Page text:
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Bench Talk for Design Engineers

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Bench Talk for Design Engineers | The Official Blog of Mouser Electronics

High School Robotics and the FIRST Program Grant Imahara


Grant Imahara interacting with FIRST students at the FIRST Championships in St. Louis, MO.

Recently, I had the opportunity to accompany Mouser Electronics to the FIRST World Championships in St. Louis, MO. FIRST (which stands for “For Inspiration and Recognition of Science and Technology”) is an international robotics competition for high school students. They spend six weeks designing and building a robot that will perform some task; like scooping up soccer balls and putting them into a goal. The game changes every year, so you always have to start from scratch.


It was a sort of homecoming for me, because over a decade ago I was a FIRST mentor for Richmond High School in Richmond, CA.




Maybe you don’t recognize Richmond High School. Not many people would. But perhaps you recognize the 1995 basketball movie Coach Carter, starring Samuel L. Jackson. He plays a basketball coach who returns to his alma mater (a tough inner-city high school) to lead his players to victory through his unique blend of discipline and uncompromising focus on academics. Well, Coach Carter is indeed a real person, and his alma mater, Richmond High School, is the very same school I mentored at. And it was indeed a tough inner-city school, the kind with metal detectors on every door.


At the time, I was working in special effects at Industrial Light and Magic on Star Wars: Episode II Attack of the Clones. As an animatronics engineer, I’d worked on both R2-D2 and The Energizer Bunny. I successfully competed in BattleBots and was writing a book for Wiley Publishing on fighting robots. I knew robots, and I’m pretty sure that this is why the ILM Community Outreach Coordinator called me to help this “struggling inner-city robot team” with “maybe an hour a week”.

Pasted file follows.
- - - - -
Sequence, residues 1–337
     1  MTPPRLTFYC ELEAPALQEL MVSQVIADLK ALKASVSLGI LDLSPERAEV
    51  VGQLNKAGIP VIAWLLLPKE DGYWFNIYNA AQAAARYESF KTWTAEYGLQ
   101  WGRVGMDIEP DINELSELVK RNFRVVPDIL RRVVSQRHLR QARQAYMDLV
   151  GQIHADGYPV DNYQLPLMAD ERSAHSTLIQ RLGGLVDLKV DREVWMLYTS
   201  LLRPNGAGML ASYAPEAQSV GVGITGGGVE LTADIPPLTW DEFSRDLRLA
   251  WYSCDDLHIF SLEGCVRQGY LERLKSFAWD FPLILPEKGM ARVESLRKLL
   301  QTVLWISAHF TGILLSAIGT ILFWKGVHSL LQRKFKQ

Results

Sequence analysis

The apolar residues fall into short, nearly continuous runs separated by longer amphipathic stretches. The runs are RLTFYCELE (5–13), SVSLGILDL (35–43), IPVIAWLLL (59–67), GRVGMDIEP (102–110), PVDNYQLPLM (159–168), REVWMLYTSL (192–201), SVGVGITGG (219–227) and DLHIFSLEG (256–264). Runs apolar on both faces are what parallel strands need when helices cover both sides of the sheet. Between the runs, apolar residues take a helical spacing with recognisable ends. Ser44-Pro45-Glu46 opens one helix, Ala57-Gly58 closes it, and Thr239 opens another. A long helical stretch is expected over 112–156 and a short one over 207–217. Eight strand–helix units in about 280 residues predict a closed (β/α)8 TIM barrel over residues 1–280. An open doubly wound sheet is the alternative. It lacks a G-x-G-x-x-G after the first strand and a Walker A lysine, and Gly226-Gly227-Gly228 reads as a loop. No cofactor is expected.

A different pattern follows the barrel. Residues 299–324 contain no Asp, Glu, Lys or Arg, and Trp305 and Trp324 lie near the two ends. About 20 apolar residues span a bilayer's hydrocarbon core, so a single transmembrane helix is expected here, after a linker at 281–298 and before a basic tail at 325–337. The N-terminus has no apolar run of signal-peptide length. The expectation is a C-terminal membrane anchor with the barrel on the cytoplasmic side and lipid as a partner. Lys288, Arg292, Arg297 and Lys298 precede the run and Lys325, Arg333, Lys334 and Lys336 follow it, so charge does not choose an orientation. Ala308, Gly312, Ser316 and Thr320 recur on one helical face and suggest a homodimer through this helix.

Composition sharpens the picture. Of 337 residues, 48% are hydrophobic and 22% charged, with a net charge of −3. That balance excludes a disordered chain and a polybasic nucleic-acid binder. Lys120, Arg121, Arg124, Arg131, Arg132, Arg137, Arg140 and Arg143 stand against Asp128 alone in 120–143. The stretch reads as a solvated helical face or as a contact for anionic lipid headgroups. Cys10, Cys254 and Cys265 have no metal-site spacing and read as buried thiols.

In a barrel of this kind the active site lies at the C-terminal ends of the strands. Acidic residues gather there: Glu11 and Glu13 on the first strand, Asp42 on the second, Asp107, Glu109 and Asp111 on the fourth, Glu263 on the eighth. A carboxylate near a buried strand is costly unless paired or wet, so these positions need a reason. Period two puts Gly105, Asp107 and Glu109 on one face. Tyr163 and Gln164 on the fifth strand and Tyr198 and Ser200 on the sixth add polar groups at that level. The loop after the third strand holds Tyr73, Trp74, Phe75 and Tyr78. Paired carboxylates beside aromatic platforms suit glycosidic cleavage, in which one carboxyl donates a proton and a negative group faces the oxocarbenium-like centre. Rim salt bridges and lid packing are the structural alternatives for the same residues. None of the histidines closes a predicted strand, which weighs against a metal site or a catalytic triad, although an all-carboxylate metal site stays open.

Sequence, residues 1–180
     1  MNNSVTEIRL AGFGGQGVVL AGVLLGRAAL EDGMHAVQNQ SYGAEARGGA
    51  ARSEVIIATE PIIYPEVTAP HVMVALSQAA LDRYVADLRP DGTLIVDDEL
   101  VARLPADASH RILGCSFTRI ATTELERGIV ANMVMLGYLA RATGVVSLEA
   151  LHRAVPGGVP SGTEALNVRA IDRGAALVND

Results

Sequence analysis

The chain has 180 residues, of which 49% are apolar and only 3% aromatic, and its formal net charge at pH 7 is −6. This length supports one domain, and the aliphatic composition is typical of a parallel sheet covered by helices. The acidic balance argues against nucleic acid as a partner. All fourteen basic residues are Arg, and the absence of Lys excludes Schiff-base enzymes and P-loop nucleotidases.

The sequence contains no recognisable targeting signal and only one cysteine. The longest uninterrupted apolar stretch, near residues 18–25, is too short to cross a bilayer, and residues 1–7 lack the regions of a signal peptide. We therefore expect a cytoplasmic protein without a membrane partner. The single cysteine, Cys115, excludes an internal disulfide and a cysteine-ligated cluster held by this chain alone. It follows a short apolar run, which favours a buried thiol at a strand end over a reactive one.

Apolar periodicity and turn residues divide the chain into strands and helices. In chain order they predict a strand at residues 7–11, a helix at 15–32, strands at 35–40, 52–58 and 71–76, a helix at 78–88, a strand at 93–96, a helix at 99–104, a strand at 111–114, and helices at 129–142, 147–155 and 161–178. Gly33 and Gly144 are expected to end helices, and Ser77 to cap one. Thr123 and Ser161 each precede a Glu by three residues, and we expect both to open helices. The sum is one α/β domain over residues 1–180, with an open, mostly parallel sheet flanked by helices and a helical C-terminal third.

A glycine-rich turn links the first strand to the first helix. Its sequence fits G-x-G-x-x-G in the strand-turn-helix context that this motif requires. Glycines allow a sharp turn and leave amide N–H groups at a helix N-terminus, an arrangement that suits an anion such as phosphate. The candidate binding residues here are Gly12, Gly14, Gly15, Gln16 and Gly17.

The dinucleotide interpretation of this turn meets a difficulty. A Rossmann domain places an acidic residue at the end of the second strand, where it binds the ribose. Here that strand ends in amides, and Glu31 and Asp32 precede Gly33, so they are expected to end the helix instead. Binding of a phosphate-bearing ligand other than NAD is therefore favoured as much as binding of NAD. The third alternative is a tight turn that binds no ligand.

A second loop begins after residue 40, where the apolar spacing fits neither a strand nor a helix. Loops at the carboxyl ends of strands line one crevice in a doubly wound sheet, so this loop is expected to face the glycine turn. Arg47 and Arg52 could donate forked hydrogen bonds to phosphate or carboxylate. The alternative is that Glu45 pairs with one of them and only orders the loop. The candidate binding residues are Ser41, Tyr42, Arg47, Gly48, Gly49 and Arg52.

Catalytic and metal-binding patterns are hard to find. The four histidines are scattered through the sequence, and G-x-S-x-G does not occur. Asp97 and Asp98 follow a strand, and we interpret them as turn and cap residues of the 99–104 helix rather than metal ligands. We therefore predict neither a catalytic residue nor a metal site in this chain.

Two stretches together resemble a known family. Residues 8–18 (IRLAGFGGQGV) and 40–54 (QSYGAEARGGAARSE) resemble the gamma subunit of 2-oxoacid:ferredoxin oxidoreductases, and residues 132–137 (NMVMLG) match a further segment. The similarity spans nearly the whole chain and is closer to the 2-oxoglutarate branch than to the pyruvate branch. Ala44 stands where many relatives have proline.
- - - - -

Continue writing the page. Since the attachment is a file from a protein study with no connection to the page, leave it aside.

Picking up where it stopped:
I agreed to meet with the team and their program administrator and discovered that there were no mentors, no parental involvement, and most importantly, no teachers helping out, all of which are crucial to a team’s success.


Resources at the school were limited. The teachers had to bring their own chalk to their classrooms. They asked why we were participating in this “rich kid’s sport”. To be fair, it was a steep $5000 to enter, but that fee was paid for by generous local corporate sponsors, and it bought almost all the supplies you needed to participate.


We didn’t have our own space to build the robot. We had to borrow a classroom for each build session. Imagine coming in to work, having to clear away a space, doing your work, and then cleaning up, putting everything back exactly the same way as you found it. Now factor in the messy business of building robots. We, like a tribe of nomadic builders, had to do this every single day.


It was important to me that I do as little work as possible. By that, I mean that I made the students build everything. Boys, girls, whoever showed up. I made them all go through mandatory tool orientation. My approach was to treat them like “of course you can”.


“Really?” they said, “You want me to do this?”

I replied, “Yes, of course. You can and you will.”


A “couple of hours a week” turned into a couple of hours a day, which turned into EVERY day, including weekends. We poured our blood, sweat, and a few tears into the robot the students named “Robzilla”.


The parents started to notice a change in their kids and began cooking food to send along to the meetings. Siblings often showed up just to find out what their brother or sister had been talking about so much at home.